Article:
Not Just a Walk in the Park: What You Need to Know About Operating a Business in a Protected Area

Canada—and Western Canada, in particular—has an abundance of national and provincial parks, and other protected areas. Typically, these areas exist to manage and preserve unique and noteworthy natural environments. The opportunity to experience the natural splendor of these settings draws the public, as well as outdoor/adventure businesses looking to serve them.

Almost all businesses are subject to various licensing and regulatory requirements. But if you want to operate a business within a provincial or national park or other protected area—as many outdoor/adventure companies do—you’ll face additional regulatory burdens. (Don’t be discouraged—we’re here to help.)

In British Columbia, for example, outdoor/adventure businesses need permits to operate in lands and provincial parks designated by the Park Act, the Environment and Land Use Act and the Protected Areas of British Columbia Act. This is on top of any other applicable licences, tenures or permits that a business may require.

Outdoor recreational activities require a permit whenever a commercial operation provides services to the public for compensation. This could be anything from guided hiking, climbing and camping, cross-country skiing, scuba diving instruction, guided kayak/canoe touring, boat tours, caving exploration, heli-skiing, big game guiding—the list goes on. In addition to permits, commercial operators in parks, protected areas, conservancies and recreation areas in B.C. are also required to carry a minimum of $2 million in commercial general liability (CGL) insurance.

But it’s not just businesses in B.C. that are subject to additional requirements. No matter the province you’re in, you’ll face a greater regulatory burden if you do business in a national or provincial park or other protected area. This has been brought to the forefront in two recent developments in Alberta-based national parks.

One of these examples is Sunshine Village ski hill, a family-run business that has operated in Banff National Park since 1981. During the 1990s, widespread concern over excessive development in Banff led to Parks Canada negotiating agreements with all commercial operations in the mountain parks – except Sunshine – that put caps on new development and introduced guidelines on the type of development that was allowed.

On December 17, 2018, Parks Canada approved new site guidelines for Sunshine Village and gave Sunshine a mere 35 days to decide whether they wanted to enter into a new lease (which was subject to these guidelines) or risk having the ski resort’s operation be put out to public tender. The new lease terms offered Sunshine an increase in the number of permitted daily skiers, authorization for new lifts and up to 80 hectares of new ski terrain. But the new lease also removed a different 61 skiable hectares and rejected wholesale and without explanation Sunshine’s proposal to increase the number of parking spaces at the resort to address a chronic shortage.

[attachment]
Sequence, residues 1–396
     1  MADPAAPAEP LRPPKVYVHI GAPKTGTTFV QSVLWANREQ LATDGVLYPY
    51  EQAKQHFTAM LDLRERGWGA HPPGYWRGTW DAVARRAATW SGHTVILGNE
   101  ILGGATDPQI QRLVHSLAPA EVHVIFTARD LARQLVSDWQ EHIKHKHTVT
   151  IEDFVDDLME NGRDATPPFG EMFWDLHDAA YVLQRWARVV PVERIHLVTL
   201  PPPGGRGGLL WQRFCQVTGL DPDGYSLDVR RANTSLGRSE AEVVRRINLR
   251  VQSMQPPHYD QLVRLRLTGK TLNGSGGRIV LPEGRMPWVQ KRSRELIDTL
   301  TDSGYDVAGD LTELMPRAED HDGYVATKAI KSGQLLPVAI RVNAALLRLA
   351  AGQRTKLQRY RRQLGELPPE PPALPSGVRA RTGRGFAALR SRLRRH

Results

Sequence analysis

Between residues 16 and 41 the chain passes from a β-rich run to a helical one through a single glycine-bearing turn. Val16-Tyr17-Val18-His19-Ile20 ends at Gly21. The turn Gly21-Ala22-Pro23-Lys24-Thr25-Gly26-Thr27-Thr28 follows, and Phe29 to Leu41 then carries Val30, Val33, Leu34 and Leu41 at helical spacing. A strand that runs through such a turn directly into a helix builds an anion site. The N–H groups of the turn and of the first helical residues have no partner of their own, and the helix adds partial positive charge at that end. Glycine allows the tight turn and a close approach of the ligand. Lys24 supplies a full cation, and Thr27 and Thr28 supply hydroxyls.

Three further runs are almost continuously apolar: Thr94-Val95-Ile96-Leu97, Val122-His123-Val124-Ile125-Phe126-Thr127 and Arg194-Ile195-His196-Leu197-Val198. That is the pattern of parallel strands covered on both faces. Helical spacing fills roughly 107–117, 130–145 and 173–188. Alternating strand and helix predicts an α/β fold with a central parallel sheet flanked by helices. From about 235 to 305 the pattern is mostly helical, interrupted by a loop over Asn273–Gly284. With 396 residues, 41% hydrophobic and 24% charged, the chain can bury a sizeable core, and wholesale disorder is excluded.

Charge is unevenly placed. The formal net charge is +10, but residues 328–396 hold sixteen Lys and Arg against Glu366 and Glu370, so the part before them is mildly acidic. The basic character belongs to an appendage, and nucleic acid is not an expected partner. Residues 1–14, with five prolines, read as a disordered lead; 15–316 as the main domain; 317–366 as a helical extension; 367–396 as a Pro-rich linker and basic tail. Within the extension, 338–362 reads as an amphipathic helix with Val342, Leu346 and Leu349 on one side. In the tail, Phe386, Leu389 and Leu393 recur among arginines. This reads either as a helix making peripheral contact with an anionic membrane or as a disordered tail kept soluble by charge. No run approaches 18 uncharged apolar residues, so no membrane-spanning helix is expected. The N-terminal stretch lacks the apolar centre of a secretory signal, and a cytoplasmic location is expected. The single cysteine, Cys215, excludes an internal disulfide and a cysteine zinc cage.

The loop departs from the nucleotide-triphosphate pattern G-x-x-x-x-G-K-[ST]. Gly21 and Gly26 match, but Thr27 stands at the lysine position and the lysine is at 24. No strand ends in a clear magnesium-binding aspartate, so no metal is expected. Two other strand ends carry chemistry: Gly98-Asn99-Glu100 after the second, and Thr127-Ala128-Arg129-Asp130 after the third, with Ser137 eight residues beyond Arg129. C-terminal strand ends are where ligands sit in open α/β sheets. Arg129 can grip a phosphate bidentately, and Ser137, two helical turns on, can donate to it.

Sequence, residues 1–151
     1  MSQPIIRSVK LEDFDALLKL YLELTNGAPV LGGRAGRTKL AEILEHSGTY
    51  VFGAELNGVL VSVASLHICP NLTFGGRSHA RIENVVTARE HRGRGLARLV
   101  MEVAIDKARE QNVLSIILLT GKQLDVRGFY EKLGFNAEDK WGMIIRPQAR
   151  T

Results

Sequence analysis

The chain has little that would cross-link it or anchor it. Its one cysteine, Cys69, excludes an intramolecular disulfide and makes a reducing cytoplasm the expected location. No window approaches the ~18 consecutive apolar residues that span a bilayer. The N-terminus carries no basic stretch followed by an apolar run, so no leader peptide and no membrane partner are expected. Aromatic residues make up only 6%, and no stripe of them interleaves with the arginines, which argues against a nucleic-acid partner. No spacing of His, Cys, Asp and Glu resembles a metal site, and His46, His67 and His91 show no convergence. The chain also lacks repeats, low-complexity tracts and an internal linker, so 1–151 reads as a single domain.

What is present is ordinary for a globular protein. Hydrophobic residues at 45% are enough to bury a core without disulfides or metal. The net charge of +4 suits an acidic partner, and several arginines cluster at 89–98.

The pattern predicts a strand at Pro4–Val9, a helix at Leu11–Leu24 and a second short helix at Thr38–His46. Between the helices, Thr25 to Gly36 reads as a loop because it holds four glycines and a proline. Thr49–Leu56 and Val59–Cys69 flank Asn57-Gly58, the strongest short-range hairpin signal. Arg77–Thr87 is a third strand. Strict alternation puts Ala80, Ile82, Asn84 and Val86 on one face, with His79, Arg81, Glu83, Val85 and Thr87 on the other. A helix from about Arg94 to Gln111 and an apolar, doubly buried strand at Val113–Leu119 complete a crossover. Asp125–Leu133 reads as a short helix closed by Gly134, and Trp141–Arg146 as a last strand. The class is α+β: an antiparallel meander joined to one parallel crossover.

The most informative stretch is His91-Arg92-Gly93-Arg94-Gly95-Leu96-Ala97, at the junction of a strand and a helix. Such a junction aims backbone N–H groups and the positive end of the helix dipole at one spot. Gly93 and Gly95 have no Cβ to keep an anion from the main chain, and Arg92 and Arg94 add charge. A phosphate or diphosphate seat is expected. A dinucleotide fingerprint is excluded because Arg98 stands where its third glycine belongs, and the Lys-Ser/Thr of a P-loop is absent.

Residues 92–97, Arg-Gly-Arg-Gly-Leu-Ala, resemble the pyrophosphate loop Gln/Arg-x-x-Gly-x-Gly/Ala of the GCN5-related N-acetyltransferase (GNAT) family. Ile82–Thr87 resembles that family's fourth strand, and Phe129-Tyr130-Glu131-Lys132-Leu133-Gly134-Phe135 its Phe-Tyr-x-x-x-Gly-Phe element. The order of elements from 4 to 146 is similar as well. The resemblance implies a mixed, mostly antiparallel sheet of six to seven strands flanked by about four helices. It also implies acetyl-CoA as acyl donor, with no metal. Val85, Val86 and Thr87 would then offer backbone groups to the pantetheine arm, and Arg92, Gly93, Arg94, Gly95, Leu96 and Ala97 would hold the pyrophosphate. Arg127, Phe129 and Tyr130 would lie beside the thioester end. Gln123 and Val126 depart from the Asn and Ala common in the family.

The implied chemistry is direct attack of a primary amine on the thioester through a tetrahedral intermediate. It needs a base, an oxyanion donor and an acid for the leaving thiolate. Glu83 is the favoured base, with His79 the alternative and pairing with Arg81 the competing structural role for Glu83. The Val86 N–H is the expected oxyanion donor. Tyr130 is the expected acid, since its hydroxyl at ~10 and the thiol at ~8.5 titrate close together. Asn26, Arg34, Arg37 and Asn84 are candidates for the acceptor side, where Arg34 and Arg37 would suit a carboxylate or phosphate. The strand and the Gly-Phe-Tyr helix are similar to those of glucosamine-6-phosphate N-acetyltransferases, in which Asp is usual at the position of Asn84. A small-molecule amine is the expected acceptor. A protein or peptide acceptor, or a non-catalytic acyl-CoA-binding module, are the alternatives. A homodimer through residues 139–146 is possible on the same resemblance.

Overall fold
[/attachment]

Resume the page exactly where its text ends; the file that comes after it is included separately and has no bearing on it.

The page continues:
Faced with the risk of losing their family business, and having no other choice, the owners of Sunshine signed the new guidelines.

In another case, Parks Canada took legal action against  Lake Louise Ski Resort for cutting down a stand of trees that included 38 endangered whitebark pines along a ski run. In court, Lake Louise pleaded guilty to the offence. The judge noted that the ski hill’s employees “were reckless given their knowledge of the constraints of operating a commercial ski hill in a national park” and fined Lake Louise $2.1 million – much more than they had been expecting. This was despite remedial steps that Lake Louise had taken following the incident, including implementing better staff education and marking the other 7,000 whitebark pines within the resort boundaries.

According to the prosecutor, the significant fine was designed to send a message: “In a national park, it’s even more aggravating, so you need a significant deterrent to make sure that people who are working in parks and people who are visiting parks are protecting our species.”

Key takeaways for outdoor/adventure businesses

Given their natural beauty, parks or other protected areas are often a prime location for outdoor/adventure businesses. But with great natural beauty comes great responsibility with respect to permitting and regulatory requirements. The lawyers in the MLT Aikins outdoor/adventure industry group can help you navigate this often confusing environment and effectively represent your interests to government regulators. We would be happy to speak with you about your current situation or your plans for the future.

Note: This article is of a general nature only and is not exhaustive of all possible legal rights or remedies. In addition, laws may change over time and should be interpreted only in the context of particular circumstances such that these materials are not intended to be relied upon or taken as legal advice or opinion. Readers should consult a legal professional for specific advice in any particular situation.